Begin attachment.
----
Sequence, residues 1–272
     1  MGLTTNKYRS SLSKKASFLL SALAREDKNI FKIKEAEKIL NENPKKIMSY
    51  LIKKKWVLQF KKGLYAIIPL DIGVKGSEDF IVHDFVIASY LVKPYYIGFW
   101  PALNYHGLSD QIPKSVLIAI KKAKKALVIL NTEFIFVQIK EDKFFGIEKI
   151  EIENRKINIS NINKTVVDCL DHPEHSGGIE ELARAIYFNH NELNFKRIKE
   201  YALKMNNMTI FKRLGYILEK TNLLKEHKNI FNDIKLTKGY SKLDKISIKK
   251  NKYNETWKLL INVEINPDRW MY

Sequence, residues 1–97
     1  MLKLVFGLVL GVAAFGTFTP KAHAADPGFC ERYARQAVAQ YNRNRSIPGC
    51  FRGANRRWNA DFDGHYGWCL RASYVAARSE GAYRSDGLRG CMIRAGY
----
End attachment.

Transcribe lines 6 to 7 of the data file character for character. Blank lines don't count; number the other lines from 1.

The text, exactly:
   201  YALKMNNMTI FKRLGYILEK TNLLKEHKNI FNDIKLTKGY SKLDKISIKK
   251  NKYNETWKLL INVEINPDRW MY